Last week the Government published the Midlands Engine Strategy which sets out a £392 million investment programme containing 'concrete actions to address productivity barriers across the Midlands.' The productivity gap between the Midlands and the rest of the UK increased from 10% in 1997 to 15% in 2015, could this trend be arrested and reversed?
The document applies the Industrial Strategy Green Paper's overarching principles to address regionally-specific issues. For the Midlands, these are listed as a shortage of skilled workers; the fragmentation of the economy into small, poorly connected areas; and a lack of entrepreneurship and economic dynamism. It proposes to remedy this through the following measures:
1) A Midlands Skills Challenge will be set up to close the skills gap between the Midlands and rest of the country.
2) Midlands Connect and its partners will be instrumental in improving connectivity across important corridors in the region with the introduction of smart ticketing, establishment of 5G test beds and the development of an Integrated Command Hub to coordinate transport providers (The Midlands Connect Strategy 'Powering The Midlands Engine' has now been published separately.)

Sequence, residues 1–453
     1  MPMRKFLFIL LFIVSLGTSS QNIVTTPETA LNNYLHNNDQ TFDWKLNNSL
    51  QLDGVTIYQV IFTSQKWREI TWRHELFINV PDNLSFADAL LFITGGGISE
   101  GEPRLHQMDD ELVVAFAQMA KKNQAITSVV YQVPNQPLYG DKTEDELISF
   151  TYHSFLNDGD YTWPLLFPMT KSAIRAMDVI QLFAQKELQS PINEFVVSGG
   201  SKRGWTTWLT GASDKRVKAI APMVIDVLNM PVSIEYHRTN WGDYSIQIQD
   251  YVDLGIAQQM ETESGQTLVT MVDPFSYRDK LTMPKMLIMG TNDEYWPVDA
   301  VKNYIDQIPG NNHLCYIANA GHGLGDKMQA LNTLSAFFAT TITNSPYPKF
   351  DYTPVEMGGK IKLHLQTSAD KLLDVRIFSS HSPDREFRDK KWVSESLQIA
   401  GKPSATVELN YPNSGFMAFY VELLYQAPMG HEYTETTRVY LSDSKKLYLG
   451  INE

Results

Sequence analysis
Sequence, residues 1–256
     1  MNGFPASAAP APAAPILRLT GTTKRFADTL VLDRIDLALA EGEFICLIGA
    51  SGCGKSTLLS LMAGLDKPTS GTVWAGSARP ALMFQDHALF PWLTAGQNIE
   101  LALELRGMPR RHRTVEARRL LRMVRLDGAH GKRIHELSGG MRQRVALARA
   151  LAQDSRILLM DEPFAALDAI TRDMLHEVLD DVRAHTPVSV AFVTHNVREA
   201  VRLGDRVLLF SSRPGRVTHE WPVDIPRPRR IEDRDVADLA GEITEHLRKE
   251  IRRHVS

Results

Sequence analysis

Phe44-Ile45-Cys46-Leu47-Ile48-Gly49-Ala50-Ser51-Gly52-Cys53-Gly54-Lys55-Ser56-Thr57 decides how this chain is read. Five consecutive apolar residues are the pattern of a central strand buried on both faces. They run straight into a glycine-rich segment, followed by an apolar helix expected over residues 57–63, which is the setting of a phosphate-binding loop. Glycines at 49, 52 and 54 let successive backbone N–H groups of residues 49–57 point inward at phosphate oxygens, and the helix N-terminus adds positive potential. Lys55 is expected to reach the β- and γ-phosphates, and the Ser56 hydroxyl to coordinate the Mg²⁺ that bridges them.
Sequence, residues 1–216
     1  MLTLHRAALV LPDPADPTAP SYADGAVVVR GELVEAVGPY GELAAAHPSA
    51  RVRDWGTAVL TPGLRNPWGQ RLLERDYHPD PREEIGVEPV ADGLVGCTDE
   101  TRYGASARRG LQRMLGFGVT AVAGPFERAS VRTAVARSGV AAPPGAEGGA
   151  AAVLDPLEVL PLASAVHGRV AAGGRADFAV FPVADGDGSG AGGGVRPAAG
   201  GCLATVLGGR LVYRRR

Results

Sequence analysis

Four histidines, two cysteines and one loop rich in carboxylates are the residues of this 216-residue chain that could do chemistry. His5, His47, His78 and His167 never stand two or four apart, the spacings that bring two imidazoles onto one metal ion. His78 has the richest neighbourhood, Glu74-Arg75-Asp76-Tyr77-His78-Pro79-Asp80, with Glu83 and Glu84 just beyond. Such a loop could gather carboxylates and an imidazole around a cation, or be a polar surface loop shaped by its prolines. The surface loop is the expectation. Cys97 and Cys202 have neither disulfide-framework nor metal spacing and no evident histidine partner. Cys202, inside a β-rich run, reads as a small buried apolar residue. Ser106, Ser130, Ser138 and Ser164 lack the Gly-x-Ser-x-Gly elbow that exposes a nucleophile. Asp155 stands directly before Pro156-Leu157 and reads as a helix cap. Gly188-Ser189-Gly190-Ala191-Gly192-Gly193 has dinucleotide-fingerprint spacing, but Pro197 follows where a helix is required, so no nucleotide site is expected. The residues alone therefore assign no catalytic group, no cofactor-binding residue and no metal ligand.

3) Funding to support important industrial clusters, such as advanced manufacturing and automotive industries.
4) Rolling out a Midlands Trade and Investment Programme to attract overseas investment
5) Funding to enhance quality of life, including £12 million to develop a Black Country Garden City.
The benefit of having a directly elected Mayor who will be able to 'use powers over skills, transport and planning to drive local growth' is referred to but the extent of these planning powers is unknown at this stage; clearly there is a need for a higher authority to ensure the objectives of the Midlands Engine Strategy are delivered without delays caused by political issues. The potential for such delays was apparent at the West Midlands Combined Authority Board Meeting in February where the local authority representatives had very different political agendas.
I'm suprised the document does not tackle the land supply issues directly. This suggests that it should complement the recommendations of the West Midlands Land Commission which does offer spatial solutions to not only housing land, but also the acute need for large-scale employment sites to accommodate the growing logistics sector market; something that interestingly is not referred to within the document.
Undoubtedly, these are exciting times for the Midlands and the Government's current thinking on the transformative impact of key infrastructure investment in improving productivity and bolstering the economy is again very apparent. Guess it's a watch this space...
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West Midlands, Midlands Engine Strategy, Birmingham